There's a two-decade tale behind AIC's decision to hire National Bank Financial as its advisor on the mutual fund company's sale to Manulife Financial.
In the early 1980s, AIC boss Michael Lee-Chin was a successful mutual fund salesman. He was well-established in a lucrative industry. He met Lawrence Bloomberg, founder and CEO at an upstart investment dealer named First Marathon, and Rob Grundleger, a top gun salesman on the First Marathon desk. The three became buddies.
Let's pause for just a moment. There's a sense that Bay Street is a closed, WASP club. To the extent that stereotype was once true, it helped drive the careers of this trio.
Mr. Lee-Chin, a native of Jamaica, Mr. Bloomberg, a Jewish guy from Montreal, and Mr. Grundleger, an ex-pat South African, all started out on the Street viewing themselves as outsiders, with something to prove in the Toronto community.
They all turned their back on successful first careers to take a chance on their own companies. Mr. Bloomberg broke in to the industry as a well-regarded analyst at what's now BMO Nesbitt Burns. Mr. Grundleger was a successful stockbroker in a storied Wood Gundy branch known as 42nd Street, in Toronto.
Now, back to our story…
At some point in the 1980s, over adult beverages, Mr. Bloomberg and Mr. Grundleger pointed out to Mr. Lee-Chin that distributing mutual funds was a classic middle-man job. They explained that if the market ever crapped out, and the public stopped buying funds, then their salesman friend would see his commission-driven income dry up. They also pointed out that over time, the middleman always gets squeezed.
On the other hand, manufacturing funds looked like a great business. Mutual funds earn fees in good markets and bad, as long as the money manager can retain assets. That was the smart place for an adept student of the markets.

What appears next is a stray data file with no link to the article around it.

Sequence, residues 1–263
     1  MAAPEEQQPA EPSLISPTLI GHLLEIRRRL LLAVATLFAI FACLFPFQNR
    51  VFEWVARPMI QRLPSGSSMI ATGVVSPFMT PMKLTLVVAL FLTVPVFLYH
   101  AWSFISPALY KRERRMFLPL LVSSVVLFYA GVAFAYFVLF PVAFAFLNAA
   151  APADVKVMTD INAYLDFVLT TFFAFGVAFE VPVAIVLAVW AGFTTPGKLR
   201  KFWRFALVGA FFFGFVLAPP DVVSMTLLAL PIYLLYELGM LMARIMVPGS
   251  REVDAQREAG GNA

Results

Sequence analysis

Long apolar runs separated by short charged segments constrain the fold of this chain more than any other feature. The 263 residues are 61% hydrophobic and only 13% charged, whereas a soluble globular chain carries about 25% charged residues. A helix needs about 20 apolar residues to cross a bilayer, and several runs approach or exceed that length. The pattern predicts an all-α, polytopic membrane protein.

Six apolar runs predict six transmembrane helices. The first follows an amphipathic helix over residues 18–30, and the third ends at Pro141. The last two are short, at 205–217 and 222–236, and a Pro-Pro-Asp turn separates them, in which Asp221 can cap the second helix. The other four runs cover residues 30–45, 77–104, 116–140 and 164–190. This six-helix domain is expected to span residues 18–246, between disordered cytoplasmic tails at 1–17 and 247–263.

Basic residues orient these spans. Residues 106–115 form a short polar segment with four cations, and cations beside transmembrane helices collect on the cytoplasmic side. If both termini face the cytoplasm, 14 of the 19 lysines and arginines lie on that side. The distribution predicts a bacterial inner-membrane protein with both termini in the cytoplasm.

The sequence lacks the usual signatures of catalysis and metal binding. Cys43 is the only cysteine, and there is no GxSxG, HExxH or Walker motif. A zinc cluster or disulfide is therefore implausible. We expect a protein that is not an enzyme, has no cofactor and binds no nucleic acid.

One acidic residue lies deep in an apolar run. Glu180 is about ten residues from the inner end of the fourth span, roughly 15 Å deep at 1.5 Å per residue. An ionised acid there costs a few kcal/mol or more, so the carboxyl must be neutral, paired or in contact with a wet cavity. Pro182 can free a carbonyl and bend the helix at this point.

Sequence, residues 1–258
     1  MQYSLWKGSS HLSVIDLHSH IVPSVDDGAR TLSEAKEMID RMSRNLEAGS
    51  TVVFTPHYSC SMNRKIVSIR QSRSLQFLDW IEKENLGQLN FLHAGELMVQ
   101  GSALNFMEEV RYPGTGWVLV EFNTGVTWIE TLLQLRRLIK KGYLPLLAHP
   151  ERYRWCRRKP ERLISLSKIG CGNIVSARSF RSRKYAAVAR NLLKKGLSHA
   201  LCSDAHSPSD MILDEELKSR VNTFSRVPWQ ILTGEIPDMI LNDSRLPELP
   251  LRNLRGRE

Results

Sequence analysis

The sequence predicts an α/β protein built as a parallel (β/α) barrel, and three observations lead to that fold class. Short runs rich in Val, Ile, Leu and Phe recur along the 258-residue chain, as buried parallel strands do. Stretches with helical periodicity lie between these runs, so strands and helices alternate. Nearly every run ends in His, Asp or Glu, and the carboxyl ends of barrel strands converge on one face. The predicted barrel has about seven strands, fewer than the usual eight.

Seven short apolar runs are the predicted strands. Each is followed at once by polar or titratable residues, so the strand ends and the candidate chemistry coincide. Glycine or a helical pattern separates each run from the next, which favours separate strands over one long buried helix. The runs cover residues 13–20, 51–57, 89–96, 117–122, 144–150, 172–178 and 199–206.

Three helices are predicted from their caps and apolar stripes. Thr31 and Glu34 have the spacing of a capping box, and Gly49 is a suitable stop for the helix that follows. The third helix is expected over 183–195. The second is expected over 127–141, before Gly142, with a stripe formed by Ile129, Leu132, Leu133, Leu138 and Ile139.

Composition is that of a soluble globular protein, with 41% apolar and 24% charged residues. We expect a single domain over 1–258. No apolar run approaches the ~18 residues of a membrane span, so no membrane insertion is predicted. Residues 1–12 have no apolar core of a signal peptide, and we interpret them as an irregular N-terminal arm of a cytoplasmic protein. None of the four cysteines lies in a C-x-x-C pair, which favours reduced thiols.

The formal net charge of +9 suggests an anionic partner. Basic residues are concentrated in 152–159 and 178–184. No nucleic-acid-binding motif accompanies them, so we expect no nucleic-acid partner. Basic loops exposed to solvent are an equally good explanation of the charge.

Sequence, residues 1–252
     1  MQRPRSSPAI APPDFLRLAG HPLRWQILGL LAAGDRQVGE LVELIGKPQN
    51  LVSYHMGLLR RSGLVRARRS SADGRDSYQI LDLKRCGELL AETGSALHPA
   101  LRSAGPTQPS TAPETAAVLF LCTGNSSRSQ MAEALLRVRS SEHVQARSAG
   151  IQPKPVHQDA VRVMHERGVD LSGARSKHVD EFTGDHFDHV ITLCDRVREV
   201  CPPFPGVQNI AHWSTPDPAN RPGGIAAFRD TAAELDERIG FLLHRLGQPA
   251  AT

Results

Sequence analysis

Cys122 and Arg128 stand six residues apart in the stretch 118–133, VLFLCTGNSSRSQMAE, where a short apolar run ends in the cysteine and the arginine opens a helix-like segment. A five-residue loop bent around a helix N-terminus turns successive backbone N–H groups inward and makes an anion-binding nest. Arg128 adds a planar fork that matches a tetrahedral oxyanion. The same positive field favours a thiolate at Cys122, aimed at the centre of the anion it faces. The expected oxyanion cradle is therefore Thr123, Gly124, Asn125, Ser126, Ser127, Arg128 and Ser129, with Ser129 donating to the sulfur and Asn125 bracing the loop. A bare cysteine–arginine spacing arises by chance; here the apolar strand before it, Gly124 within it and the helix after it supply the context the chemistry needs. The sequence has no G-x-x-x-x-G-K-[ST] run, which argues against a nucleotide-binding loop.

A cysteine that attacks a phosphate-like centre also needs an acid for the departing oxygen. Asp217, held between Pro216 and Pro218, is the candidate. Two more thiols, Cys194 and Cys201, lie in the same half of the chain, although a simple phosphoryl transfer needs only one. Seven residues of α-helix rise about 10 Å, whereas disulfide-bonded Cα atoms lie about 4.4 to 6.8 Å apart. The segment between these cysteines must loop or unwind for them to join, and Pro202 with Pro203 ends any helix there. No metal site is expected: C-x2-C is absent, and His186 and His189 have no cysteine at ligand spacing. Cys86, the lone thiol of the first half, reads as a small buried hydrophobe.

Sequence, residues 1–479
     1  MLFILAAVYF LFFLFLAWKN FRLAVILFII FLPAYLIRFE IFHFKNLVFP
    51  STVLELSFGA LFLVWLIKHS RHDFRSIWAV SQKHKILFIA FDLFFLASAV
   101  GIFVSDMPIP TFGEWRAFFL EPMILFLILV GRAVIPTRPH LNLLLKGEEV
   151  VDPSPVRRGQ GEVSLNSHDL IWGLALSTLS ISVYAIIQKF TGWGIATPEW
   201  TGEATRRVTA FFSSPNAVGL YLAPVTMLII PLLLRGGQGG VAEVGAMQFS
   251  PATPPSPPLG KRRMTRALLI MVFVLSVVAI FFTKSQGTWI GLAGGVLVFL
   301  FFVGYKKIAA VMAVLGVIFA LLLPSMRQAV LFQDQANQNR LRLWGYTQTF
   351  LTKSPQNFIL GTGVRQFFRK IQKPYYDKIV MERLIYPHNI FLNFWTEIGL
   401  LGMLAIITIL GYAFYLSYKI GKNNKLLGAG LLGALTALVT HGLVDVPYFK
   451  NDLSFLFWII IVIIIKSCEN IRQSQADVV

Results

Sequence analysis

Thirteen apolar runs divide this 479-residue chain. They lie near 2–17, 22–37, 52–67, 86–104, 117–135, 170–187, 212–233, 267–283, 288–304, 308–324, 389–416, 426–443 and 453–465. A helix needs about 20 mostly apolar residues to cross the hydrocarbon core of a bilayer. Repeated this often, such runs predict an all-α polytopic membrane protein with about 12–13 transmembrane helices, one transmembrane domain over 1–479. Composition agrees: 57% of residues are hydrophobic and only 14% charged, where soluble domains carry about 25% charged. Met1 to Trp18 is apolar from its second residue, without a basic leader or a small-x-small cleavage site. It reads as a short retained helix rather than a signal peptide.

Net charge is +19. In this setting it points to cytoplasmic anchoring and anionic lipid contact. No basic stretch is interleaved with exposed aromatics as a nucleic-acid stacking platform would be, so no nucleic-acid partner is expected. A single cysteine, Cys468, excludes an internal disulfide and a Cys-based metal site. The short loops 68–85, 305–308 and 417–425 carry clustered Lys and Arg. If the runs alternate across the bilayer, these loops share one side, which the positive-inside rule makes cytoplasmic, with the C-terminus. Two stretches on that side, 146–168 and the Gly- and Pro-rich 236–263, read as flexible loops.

And Mr. Lee-Chin was a very adept student of markets. With Ben Graham's value investing philosophy as his touchstone, Mr. Lee-Chin scraped together the cash needed to buy a fund with just $1-million in assets in 1987. Mr. Bloomberg was always around to provide counsel as AIC soared to $15-billion in assets by the late 1990s, then hit a redemption run in recent years.
Over those two decades, these three friends saw their situations change. Mr. Bloomberg sold First Marathon to National Bank for $712-million in 1999, but stuck around as a rainmaker. Mr. Grundleger departed a few years later to start a hedge fund, Groundlayer Capital. Mr. Lee-Chin has large, and high-maintenance, holdings in Caribbean financial services.
Mr. Bloomberg didn't need to show up at work each day after that sale to National Bank , which rebranded its investment dealer as National Bank Financial. But he keeps a hand in the business, and still can frequently be found near the NBF equity desk. And sources say he worked tirelessy over the past year to help Mr. Lee-Chin arrive at a graceful, honourable exit, in the sale of AIC to Manulife Financial.
When it came time for Mr. Lee-Chin to sell his baby, he tapped the investment bank that was home to the guys who helped give birth to AIC.
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